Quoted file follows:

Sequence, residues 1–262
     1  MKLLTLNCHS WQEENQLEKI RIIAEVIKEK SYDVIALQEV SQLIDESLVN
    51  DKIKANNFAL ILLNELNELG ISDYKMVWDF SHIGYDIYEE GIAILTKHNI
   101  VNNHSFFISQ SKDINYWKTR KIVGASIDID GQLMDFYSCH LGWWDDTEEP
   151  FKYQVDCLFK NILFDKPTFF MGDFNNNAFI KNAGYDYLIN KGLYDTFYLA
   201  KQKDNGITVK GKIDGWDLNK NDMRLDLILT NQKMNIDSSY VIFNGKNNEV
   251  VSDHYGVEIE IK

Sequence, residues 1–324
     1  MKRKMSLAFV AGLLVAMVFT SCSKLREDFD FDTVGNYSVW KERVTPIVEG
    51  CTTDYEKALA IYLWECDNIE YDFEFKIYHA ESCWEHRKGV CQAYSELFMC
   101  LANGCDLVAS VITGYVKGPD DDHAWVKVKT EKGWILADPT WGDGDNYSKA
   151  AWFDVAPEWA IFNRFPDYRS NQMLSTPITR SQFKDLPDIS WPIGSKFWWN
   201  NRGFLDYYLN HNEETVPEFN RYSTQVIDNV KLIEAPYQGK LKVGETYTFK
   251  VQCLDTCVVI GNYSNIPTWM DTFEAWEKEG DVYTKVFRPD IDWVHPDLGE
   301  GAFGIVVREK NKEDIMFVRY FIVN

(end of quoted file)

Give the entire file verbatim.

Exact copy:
Sequence, residues 1–262
     1  MKLLTLNCHS WQEENQLEKI RIIAEVIKEK SYDVIALQEV SQLIDESLVN
    51  DKIKANNFAL ILLNELNELG ISDYKMVWDF SHIGYDIYEE GIAILTKHNI
   101  VNNHSFFISQ SKDINYWKTR KIVGASIDID GQLMDFYSCH LGWWDDTEEP
   151  FKYQVDCLFK NILFDKPTFF MGDFNNNAFI KNAGYDYLIN KGLYDTFYLA
   201  KQKDNGITVK GKIDGWDLNK NDMRLDLILT NQKMNIDSSY VIFNGKNNEV
   251  VSDHYGVEIE IK

Sequence, residues 1–324
     1  MKRKMSLAFV AGLLVAMVFT SCSKLREDFD FDTVGNYSVW KERVTPIVEG
    51  CTTDYEKALA IYLWECDNIE YDFEFKIYHA ESCWEHRKGV CQAYSELFMC
   101  LANGCDLVAS VITGYVKGPD DDHAWVKVKT EKGWILADPT WGDGDNYSKA
   151  AWFDVAPEWA IFNRFPDYRS NQMLSTPITR SQFKDLPDIS WPIGSKFWWN
   201  NRGFLDYYLN HNEETVPEFN RYSTQVIDNV KLIEAPYQGK LKVGETYTFK
   251  VQCLDTCVVI GNYSNIPTWM DTFEAWEKEG DVYTKVFRPD IDWVHPDLGE
   301  GAFGIVVREK NKEDIMFVRY FIVN